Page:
My name is Cira, I like kebabs dripping in barbecue sauce and indulging in a couple of wines with my mates at the weekend. I have the upper-body strength of a seal and your grandmother can probably outrun me. What better person to test out the hyped-up F45 8-week challenge?
I'm into my third week of the F45 8-week challenge and you're probably wondering why this is the first you've heard of it.
The challenge began around the world on July 22 and I signed up at F45 Rotorua.
It's a workout craze taking the world by storm. The daily "Functional 45" classes are high intensity and test participants using bodyweight rather than equipment.
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The challenge happens four times a year. This is Rotorua's third challenge and the biggest by a landslide; 99 people have signed up.
Day one of the challenge was an electronic scale telling me my weight, height, body fat percentage and muscle mass.
"Do you drink a lot of water?" That was the question asked when I got my scan. He already knew the answer from my results: "No".
Heading into the challenge, the scan was something I was most nervous about.
I'm a healthy weight but I felt vulnerable having every inch of me, inside and out, put under a magnifying glass followed by a photo in my bikini.
As uncomfortable as I was doing it, it was fascinating and left me with a few surprises. One being my right arm had 0.2kg more muscle than my left.
It also helped me set some goals: muscle tone and definition, improving my cardiovascular ability and doing an unassisted pull-up.
I'm not a big person and my journey, like everyone, is improving what I'm working with, which makes comments like "you don't need to go to the gym" tiring.
The first week was disrupted by a trip to Australia I had booked with my sister months before I knew I'd be doing the challenge.
But I went to two classes before I left.
To say my body went into shock is an understatement.
I left the cardio class with my T-shirt drenched, throat burning and struggled to even turn my steering wheel after the resistance class.
Spoiler alert – nothing's changed by the third week.
While abroad, my will power was put to the test with mouth-watering food constantly tempting me.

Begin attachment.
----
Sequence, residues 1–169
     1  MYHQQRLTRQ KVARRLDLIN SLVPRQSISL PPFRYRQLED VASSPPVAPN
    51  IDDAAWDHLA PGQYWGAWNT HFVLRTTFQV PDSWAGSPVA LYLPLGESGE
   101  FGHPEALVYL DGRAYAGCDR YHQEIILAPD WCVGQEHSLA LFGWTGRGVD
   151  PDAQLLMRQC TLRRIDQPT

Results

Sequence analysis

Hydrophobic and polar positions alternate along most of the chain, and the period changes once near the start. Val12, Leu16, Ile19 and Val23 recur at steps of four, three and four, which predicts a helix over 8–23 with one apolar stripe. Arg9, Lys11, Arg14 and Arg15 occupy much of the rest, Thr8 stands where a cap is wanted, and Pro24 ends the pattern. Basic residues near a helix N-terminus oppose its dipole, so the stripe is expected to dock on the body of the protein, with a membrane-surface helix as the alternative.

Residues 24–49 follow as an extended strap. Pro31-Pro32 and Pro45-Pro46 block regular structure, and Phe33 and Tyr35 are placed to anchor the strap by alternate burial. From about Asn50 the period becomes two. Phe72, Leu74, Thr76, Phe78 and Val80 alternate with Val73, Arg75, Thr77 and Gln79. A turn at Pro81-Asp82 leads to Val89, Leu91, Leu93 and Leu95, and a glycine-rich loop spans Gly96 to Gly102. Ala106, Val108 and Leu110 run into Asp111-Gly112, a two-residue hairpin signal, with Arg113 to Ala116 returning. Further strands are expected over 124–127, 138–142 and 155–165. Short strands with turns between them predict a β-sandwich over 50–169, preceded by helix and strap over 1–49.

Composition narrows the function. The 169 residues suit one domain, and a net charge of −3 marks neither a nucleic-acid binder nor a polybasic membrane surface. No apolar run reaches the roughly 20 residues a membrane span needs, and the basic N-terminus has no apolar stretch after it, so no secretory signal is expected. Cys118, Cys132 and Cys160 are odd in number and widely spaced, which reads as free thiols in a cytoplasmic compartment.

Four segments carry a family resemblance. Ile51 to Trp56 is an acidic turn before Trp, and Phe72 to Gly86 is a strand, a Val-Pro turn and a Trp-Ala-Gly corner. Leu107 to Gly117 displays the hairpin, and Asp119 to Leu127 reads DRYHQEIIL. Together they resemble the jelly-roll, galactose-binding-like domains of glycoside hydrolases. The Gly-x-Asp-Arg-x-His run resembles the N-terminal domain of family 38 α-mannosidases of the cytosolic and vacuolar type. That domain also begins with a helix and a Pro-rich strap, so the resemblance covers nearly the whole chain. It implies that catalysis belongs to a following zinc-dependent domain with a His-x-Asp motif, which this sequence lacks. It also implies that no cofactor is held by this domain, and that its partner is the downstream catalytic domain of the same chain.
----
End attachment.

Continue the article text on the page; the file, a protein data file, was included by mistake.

There are three phases of the challenge.
The first, "Spring Training", is a two-week detox with no red meat, dairy, caffeine, gluten, refined sugar, high-fructose fruits, alcohol.
I went cold-turkey on caffeine on the first day and was disgusted at how much I couldn't function.
The next day I decided against getting fired and had a coffee. And I made it strong. Sorry trainers.
Otherwise, the diet guidelines weren't too difficult because I can't have dairy and I don't eat red meat unless in its prime form - a sausage roll.
In saying that, I felt a lot of guilt and confusion while on holiday because I was unable to do the classes and couldn't follow the meal plan.
Week one: Two classes.
Favourite class: Tokyo disco - two pods, 12 stations. Pod one is all upper body, pod two is all lower body.
Coming back in time for week two, unexpected changes in my shifts saw me working a range of late, early and normal shifts.
I'd missed six days of classes and it stressed me out that I could have put myself in bad step to achieving my goals. And it's not something you can lie about with that damn body scan.
But after my first class back last week I weirdly felt at home again. Dramatic, I know, given I'd been to two sessions.
I'm sorry; I'm going to be one of those people, but I'm obsessed.
The trainers are insanely supportive and I've never seen so many gym-goers genuinely friendly, chatty and happy.
I hate going to a gym and feeling like the potato everyone is watching. Over here, everyone's in their own bubble, pushing themselves to their own limit and we're all dying so there's no judgement.
There are also no mirrors and no machinery besides stationary bikes and rowing machines. Owner/trainer Jesse Acton says this is to make sure the self-improvement focus is not centred on ego.
The workouts are fast-paced circuits and it's impossible to get bored with the constant change from one high-intensity station to another.
They're fun - in torturous kind of way - and anything but easy.
I'm not going to lie, by the end of the second week I felt pretty flat: I was exhausted from work, sleep deprived and frustrated at having missed so many classes and not following the meal plan like the Bible.
Knowing I'm already past halfway to the next check in (at four weeks) is quite daunting. Have I done enough? Am I eating too much or too little? How the heck am I going to get in the recommended 3L of water a day?
But I pushed that aside and have made it to a class every day since Saturday.
As fatigued as I am when I walk out those doors, I've been finding I have a lot more energy and motivation in other areas of my life. Coincidence? Maybe, but I don't think so.
Week two: Four classes
Favourite class: Romans - a resistance based workout with a focus to lift as heavy as possible, every set. Bonus points for having an exercise called skull crusher.